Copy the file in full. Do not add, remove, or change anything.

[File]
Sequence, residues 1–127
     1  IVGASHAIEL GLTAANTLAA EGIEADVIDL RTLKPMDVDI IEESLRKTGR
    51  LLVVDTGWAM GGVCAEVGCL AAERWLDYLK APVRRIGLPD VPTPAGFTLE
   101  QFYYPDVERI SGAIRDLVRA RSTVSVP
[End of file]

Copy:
Sequence, residues 1–127
     1  IVGASHAIEL GLTAANTLAA EGIEADVIDL RTLKPMDVDI IEESLRKTGR
    51  LLVVDTGWAM GGVCAEVGCL AAERWLDYLK APVRRIGLPD VPTPAGFTLE
   101  QFYYPDVERI SGAIRDLVRA RSTVSVP